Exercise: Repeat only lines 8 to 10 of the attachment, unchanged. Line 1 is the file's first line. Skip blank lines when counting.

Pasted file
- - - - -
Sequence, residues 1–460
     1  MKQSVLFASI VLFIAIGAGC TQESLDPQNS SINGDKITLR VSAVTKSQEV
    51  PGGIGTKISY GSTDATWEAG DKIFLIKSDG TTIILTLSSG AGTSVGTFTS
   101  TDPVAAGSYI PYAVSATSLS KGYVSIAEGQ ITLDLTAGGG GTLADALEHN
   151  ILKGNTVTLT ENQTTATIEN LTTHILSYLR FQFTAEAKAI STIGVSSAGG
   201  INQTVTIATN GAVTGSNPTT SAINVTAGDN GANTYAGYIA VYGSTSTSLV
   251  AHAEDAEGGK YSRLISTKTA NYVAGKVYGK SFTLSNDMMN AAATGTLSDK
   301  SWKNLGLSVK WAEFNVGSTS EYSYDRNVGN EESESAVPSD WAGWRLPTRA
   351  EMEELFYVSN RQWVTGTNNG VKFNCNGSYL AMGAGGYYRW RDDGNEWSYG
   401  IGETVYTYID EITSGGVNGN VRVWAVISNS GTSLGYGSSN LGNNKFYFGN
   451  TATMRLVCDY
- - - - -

   301  SWKNLGLSVK WAEFNVGSTS EYSYDRNVGN EESESAVPSD WAGWRLPTRA
   351  EMEELFYVSN RQWVTGTNNG VKFNCNGSYL AMGAGGYYRW RDDGNEWSYG
   401  IGETVYTYID EITSGGVNGN VRVWAVISNS GTSLGYGSSN LGNNKFYFGN